I help maintain big OSS projects: from a third-party dependency manager used in most iOS apps (CocoaPods), to the most popular Objective-C testing framework and the most popular Swift networking API client. I've been doing this for years.
Projects with this much impact are big time-sinks. This time comes from ensuring infrastructure continues to work, support tickets need replies, new code needs reviewing and releases need coordinating.
As a part of discussing Danger internally, I've referenced that building CocoaPods has greatly influenced Danger. This blog post is about the way I've built Danger, knowing fully well that I cannot afford the level of time to maintain it at the scale it may get to.
Danger is a project that could end up with a lot more users than CocoaPods. So I want to be cautious about how I create the community around Danger. If you're interested in some of the baseline setup required to run a popular project, the post "Building Popular Projects" by Ash is a great place to start, this builds on that.
My maintenance time on CocoaPods resolves around:
- Handling new issues
- Keeping infrastructure running
- Requests around user data
- Keeping disparate communities together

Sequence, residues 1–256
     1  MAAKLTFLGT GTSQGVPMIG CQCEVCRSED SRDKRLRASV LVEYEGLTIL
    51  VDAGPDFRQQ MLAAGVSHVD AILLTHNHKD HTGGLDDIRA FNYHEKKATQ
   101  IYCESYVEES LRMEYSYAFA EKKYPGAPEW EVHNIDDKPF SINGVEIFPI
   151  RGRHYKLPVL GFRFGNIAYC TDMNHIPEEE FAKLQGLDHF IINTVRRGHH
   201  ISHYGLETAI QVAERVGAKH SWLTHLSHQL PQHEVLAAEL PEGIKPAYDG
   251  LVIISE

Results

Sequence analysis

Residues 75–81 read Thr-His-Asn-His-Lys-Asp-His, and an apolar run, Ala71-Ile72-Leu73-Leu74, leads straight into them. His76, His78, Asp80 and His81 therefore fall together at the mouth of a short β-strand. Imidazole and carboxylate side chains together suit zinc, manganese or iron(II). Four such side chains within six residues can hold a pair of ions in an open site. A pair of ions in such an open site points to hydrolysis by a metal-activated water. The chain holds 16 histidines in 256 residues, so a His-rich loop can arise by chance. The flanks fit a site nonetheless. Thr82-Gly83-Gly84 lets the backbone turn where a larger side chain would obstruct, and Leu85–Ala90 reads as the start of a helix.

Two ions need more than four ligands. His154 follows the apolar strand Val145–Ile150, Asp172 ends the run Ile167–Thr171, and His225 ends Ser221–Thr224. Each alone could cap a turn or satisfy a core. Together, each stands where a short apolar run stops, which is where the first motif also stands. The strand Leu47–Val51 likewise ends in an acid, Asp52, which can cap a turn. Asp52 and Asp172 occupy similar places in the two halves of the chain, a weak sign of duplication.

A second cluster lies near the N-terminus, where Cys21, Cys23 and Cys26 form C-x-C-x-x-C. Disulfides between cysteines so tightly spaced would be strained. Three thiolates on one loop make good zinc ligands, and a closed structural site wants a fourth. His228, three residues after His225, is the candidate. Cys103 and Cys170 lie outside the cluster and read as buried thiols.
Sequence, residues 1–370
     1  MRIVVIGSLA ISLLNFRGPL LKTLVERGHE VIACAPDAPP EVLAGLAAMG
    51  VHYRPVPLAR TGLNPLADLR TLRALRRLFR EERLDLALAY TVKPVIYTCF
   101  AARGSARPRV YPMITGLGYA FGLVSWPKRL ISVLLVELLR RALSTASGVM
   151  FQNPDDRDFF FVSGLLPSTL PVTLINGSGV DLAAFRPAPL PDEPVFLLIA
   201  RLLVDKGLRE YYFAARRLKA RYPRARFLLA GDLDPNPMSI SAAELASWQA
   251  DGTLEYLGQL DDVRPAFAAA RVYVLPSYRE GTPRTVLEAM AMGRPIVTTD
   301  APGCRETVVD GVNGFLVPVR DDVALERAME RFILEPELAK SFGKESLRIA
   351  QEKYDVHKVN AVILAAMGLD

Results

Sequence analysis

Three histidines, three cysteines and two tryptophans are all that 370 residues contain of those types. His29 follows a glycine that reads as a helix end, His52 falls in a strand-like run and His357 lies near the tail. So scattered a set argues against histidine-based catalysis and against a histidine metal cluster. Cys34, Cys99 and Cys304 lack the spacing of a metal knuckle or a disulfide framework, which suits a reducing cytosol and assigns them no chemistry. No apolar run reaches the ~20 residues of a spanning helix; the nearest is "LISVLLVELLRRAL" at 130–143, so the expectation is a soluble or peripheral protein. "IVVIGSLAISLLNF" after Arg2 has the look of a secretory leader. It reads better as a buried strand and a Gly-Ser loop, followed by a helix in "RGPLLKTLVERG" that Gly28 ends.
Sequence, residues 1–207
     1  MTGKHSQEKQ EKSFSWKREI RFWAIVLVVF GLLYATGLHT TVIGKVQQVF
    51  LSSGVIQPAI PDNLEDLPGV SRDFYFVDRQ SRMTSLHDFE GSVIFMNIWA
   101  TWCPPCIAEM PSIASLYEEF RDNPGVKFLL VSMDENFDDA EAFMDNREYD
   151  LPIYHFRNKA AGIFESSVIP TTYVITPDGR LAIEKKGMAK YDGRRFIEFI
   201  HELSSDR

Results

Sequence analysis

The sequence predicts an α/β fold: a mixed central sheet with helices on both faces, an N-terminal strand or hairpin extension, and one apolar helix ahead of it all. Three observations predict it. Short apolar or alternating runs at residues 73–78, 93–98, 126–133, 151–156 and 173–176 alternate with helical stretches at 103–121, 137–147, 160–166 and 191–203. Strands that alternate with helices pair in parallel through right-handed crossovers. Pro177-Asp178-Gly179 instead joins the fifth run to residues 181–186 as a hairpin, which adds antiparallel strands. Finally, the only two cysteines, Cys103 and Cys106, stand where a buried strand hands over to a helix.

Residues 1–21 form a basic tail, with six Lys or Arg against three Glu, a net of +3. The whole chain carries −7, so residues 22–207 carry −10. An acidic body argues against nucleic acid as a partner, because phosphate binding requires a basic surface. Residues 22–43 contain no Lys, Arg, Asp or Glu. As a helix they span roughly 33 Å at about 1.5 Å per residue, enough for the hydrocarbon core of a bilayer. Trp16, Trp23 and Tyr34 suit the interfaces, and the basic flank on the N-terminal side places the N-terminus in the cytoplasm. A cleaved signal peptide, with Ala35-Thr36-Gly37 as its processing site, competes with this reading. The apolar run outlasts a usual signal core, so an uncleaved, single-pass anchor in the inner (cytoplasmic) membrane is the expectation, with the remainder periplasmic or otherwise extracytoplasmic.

From the ground up, Danger could not end up as complex as CocoaPods, the domain they cover is different and CocoaPods sits atop of an annually moving (and somewhat hostile) platform.
However, get enough people using a product and you end up with three types of issues: Bug Reports, How Do I X? and Feature Requests.
I wanted to keep bug-reports down, as much as possible, and so I built a system wherein the default error reporting system would also search GitHub issues for similar problems. Knowing this was a generic problem, I built it with other large ruby projects in mind too.
How do I X? are issues that haven't appeared much on Danger. For CocoaPods we request people use the CocoaPods tag on StackOverflow. That saves us from 5 to 6 issues a day, and provides others a great place to get internet points by responding instead.
Feature Requests issues are always fascinating, it gives you a chance to really see the difference between what you imagined a project's scope is, and how others perceive it. One thing that helps here is that Danger has a VISION.md file. This helped vocalise a lot of internal discussion, and let contributors understand the roadmap:
The core concept is that the Danger project itself creates a system that is extremely easy to build upon. The codebase for Danger should resolve specifically around systems for CI, communication with Peer Review tools and providing APIs to Source Control changes. For example: Travis CI - GitHub - git.
As well as providing a heuristic for determining whether something should be added to Danger:
This means that decisions on new code integrated into Danger should ask "is this valid for every CI provider, every review system and source control type?" by making this domain so big, we can keep the core of Danger small.
CocoaPods has about 6 web properties, 3 of which are critical. The others can go down, or be behind the Xcode update schedules and people's projects will work fine. The 3 the critical projects are all simple, focused projects: trunk (provide auth, and submitting new libraries) cocoapods.org, and search. We control everything there.